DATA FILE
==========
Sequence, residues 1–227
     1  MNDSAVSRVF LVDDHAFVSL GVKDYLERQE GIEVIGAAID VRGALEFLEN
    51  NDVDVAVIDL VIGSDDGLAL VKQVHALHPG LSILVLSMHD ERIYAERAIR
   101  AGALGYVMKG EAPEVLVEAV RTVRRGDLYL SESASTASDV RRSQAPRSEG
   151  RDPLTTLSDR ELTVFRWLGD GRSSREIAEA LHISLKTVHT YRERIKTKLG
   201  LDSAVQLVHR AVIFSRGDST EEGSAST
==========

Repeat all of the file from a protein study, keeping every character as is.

Sequence, residues 1–227
     1  MNDSAVSRVF LVDDHAFVSL GVKDYLERQE GIEVIGAAID VRGALEFLEN
    51  NDVDVAVIDL VIGSDDGLAL VKQVHALHPG LSILVLSMHD ERIYAERAIR
   101  AGALGYVMKG EAPEVLVEAV RTVRRGDLYL SESASTASDV RRSQAPRSEG
   151  RDPLTTLSDR ELTVFRWLGD GRSSREIAEA LHISLKTVHT YRERIKTKLG
   201  LDSAVQLVHR AVIFSRGDST EEGSAST